So with all the strategy, ruthlessness and brute force, which ant species reigns supreme? We might soon find out, thanks to a looming “mega-battle” Moffett’s anticipating in California. There, two species of ants — Argentine and fire — are preparing to duke it out for the state’s 164,000 square miles.
Where do I go to watch this?
In Read on January 21, 2011 at 7:09 am
The Institute for Health Metrics and Evaluation (IHME) has released a study finding that as the education level among women rises in developing countries, the mortality rate among young children in those countries goes down:
Between 1970 and 2009, mortality in children under age 5 dropped from 16 million to 7.8 million annually, and IHME researchers estimate that 51% of the reduction can be linked to increased education among women of reproductive age. This means that 4.2 million fewer children died in 2009 because women received more years of schooling.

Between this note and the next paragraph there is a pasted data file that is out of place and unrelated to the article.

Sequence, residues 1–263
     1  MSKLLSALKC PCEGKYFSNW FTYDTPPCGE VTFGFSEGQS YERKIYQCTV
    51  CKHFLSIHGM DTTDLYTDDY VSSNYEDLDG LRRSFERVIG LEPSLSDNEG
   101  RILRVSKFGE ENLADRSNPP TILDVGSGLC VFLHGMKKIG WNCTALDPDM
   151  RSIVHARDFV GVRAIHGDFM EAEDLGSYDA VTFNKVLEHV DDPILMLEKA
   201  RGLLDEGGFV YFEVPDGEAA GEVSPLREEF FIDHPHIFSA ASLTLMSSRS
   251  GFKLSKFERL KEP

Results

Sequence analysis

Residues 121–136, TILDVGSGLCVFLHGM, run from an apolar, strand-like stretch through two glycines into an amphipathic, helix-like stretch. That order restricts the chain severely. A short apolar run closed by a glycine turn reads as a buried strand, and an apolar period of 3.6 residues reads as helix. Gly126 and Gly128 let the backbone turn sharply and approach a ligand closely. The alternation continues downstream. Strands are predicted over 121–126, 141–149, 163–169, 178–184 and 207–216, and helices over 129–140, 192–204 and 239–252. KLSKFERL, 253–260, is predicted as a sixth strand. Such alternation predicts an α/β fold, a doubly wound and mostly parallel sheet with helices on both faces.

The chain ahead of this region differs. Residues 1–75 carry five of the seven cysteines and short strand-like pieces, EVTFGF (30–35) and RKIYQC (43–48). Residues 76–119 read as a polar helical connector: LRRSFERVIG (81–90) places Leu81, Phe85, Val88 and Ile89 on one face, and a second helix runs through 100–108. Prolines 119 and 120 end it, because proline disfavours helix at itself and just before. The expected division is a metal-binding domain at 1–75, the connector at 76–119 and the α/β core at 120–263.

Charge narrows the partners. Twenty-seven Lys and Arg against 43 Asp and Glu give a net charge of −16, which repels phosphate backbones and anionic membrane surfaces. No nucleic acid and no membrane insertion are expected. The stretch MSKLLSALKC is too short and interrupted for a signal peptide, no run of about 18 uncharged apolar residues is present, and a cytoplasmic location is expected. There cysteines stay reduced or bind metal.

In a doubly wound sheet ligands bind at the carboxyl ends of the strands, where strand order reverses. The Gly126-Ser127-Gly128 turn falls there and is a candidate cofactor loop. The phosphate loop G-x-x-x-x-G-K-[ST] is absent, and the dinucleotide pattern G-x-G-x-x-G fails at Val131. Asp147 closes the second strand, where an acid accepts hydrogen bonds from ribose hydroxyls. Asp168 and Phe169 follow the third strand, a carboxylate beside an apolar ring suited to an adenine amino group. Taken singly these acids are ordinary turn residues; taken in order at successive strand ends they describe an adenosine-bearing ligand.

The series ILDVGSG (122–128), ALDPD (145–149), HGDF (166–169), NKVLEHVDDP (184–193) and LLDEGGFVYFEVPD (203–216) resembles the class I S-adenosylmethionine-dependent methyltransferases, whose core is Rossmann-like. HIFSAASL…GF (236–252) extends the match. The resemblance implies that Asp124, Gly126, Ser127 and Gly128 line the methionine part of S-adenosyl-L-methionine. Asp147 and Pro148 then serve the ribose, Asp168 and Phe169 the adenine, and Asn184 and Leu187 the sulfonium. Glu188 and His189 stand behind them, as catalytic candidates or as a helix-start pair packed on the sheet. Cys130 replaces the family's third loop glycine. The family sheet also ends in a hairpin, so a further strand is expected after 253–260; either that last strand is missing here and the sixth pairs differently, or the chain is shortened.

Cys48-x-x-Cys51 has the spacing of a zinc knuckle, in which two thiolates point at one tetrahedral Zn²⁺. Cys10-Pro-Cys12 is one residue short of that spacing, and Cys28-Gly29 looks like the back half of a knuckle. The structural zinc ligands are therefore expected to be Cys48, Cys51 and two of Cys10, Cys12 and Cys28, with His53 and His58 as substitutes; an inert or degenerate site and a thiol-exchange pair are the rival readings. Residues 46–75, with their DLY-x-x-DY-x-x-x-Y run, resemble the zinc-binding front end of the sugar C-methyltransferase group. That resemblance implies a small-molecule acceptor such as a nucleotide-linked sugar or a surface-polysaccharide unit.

“More education helps mothers make better choices in a range of areas – personal hygiene, nutrition, parenting approaches,” said Dr. Christopher Murray, IHME Director and one of the paper’s co-authors. “It also helps them take better care of their own health when pregnant, and, after the child is born, they are able to navigate the expanding array of health services being offered to their families.”
Researchers also believe that higher education levels among mothers will increase the likelihood that they are willing to accept and adopt new medical advances as they become available, thus creating a synergistic effect that can further reduce mortality rates.
In View on January 20, 2011 at 7:25 am
PC World has put together a list of some notable sights on Google’s Maps or Earth satellite views. Some are just well-timed pictures (see an airplane in flight over England at slide 13) and some are spectacular shots of the natural world in action (elephants running at slide 10 and below, and Victoria Falls at slide 11):